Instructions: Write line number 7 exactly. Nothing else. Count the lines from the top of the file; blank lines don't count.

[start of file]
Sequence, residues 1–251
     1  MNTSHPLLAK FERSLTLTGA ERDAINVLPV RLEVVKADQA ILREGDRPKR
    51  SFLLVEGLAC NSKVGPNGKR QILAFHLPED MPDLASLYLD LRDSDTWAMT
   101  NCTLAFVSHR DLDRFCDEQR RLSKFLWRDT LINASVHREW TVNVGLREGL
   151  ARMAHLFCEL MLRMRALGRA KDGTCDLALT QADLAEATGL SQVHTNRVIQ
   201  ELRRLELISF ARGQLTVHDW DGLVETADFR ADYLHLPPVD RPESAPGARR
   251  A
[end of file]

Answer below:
   251  A